Thursday February 2, 2006

Linking Up With LinkedIn

I have had a LinkedIn account at the free (aka "Personal") level for almost a year, since February 10, 2005. I joined because a former co-worker suggested it on one of the mailing lists I subscribe to. He queried the list wondering if we had enough mass to make a LinkedIn "group". I was curious, as were others, and we entertained a brief flurry of membership and connection requests.

Things slowed down for a while. Then I began to notice a steady increase in LinkedIn invitations in my Inbox. At this point I have 89 connections and 17 outstanding invitations pending.

What is LinkedIn?

So, what does LinkedIn do? To start with, it helps people build their network of friends and professional contacts.
LinkedIn is an online network of more than 4.8 million experienced professionals from around the world, representing 130 industries.

When you join, you create a profile that summarizes your professional accomplishments. Your profile helps you find and be found by former colleagues, clients, and partners. You can add more connections by inviting trusted contacts to join LinkedIn and connect to you.

Your network consists of your connections, your connections’ connections, and the people they know, linking you to thousands of qualified professionals.

A few months after I joined, a former co-worker requested an introduction, through me, to re-connect with a former College friend. Then, someone I didn't know requested a multi-hop introduction through me to a former co-worker of his. A former co-worker asked me for an endorsement (and gave me one in return). And I used a connection I had to hook up again with a former co-worker or two of my own.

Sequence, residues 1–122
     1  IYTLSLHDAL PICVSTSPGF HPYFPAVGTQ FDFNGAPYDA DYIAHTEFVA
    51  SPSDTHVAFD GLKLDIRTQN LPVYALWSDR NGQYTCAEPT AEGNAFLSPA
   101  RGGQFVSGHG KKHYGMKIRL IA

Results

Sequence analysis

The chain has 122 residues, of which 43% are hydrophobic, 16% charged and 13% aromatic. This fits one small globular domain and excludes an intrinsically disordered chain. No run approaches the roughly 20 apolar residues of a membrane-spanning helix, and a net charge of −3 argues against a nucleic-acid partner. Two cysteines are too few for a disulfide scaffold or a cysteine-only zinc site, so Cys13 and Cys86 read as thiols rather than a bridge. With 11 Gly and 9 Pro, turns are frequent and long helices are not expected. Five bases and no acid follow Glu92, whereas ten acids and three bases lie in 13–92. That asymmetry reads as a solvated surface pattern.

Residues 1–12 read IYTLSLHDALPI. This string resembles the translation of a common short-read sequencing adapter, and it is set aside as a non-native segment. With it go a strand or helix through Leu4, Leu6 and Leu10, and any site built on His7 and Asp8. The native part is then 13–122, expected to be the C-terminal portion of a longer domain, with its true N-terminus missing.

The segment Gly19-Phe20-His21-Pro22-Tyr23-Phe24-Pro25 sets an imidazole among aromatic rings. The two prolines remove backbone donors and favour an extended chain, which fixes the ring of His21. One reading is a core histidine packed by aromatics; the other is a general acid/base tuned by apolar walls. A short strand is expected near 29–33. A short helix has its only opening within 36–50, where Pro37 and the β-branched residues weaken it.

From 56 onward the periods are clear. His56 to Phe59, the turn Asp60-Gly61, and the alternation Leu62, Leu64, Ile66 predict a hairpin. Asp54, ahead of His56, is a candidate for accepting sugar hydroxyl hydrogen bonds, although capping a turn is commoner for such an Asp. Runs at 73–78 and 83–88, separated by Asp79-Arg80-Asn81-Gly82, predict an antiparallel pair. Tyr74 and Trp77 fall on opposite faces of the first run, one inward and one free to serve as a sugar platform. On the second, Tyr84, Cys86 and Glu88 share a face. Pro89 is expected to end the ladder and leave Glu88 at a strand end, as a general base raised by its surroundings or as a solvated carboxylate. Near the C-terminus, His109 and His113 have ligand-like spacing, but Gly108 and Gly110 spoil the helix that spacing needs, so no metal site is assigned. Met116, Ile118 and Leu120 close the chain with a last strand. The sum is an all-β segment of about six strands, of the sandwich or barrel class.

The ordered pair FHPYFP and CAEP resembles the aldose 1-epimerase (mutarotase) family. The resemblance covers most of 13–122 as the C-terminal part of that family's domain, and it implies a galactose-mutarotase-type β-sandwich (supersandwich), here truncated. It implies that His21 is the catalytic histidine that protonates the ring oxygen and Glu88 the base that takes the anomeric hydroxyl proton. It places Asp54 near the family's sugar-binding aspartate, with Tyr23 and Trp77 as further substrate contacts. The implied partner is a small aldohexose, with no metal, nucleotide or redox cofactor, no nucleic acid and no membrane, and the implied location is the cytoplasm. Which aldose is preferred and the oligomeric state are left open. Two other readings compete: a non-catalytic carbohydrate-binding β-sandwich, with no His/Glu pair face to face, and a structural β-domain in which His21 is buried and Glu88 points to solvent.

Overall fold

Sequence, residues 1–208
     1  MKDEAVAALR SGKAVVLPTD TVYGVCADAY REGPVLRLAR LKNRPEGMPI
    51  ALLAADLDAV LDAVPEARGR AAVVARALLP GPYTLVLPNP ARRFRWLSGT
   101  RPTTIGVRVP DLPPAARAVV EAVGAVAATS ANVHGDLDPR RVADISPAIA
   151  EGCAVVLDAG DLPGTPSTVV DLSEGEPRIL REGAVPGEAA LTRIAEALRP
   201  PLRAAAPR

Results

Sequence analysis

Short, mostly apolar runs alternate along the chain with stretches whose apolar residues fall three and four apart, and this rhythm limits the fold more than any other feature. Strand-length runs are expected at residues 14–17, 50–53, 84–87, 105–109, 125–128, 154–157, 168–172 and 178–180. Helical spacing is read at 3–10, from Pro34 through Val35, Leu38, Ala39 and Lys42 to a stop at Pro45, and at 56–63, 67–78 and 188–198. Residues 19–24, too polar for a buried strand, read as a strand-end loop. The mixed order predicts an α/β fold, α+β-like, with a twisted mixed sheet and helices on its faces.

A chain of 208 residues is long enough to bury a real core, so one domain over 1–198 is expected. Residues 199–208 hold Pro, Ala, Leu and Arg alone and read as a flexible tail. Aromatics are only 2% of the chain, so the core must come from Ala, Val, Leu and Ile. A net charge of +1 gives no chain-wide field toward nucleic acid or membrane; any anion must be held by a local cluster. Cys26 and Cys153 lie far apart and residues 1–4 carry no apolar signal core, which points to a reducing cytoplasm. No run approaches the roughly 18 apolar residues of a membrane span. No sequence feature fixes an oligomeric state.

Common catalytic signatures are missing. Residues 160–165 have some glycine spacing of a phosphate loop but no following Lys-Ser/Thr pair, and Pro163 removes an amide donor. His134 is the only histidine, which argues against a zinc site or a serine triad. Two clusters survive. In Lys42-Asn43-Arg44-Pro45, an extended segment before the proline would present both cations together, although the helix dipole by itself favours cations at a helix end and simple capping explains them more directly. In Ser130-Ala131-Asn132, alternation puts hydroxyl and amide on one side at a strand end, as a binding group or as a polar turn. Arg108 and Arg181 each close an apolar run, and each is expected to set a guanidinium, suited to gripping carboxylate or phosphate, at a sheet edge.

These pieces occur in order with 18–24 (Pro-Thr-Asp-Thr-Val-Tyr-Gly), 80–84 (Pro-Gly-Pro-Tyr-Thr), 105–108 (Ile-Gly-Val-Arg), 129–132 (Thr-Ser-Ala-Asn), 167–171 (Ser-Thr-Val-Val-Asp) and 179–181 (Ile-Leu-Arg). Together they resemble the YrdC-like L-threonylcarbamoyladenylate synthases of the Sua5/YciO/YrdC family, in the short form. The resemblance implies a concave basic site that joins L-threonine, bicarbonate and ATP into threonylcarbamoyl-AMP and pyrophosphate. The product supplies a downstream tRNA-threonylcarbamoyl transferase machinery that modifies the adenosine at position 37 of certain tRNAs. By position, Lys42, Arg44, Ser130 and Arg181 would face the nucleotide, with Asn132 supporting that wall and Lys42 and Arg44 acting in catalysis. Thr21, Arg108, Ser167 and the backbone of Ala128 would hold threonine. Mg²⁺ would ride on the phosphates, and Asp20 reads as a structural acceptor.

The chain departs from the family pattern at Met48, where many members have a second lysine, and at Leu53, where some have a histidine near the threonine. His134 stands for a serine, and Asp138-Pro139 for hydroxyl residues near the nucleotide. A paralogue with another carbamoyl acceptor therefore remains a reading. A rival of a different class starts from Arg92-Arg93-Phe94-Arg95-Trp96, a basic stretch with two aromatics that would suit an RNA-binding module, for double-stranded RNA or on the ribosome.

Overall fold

A few days ago I started talking to Rich about LinkedIn. It was the right time to mention the idea; he's not otherwise occupied with a project. Rich joined, then started building his network. He's currently up to 34 connections with 56 pending invitations (and counting. ;-) He's also been sending feedback with suggestions for improvements to the LinkedIn feature set (and he's written an article of his own on LinkedIn graph theory).

What Else Can LinkedIn Do?

LinkedIn works for reconnecting. What else is it good for?

How about jobs?

LinkedIn believes that your professional relationships are key to your professional success. Our mission is to help you be more effective in your daily work and open doors to opportunities using the professional relationships you already have.

This isn’t networking—it’s what networking should be. Forget exchanging business cards with acquaintances that don’t know your work, or trying to renew professional ties when you need a favor.

Instead, LinkedIn helps you stay in touch with valuable contacts and build strong relationships with the people who know your work best and who can help you achieve success.

Recently I received a note from a recruiter with a job prospect that looked like a great match for my skills. Unfortunately, the job is in Massachusetts (and I'm in California). But I used some contacts I had to put the recruiter in touch with the greater Boston-area Perl user group. And I've added two more contacts to my LinkedIn network.

Even better, I'm currently in the middle of negotiations and interviews for a new job — the recruiter for this one also found my profile on LinkedIn and contacted me. In this case, the job is in my local area and is an excellent match for my skills and interests. We're talking thanks to LinkedIn.

Linking Up With LinkedIn ( in category Odd Corners , Trivial Pursuits ) - posted at Thu, 02 Feb, 08:09 Pacific | «e»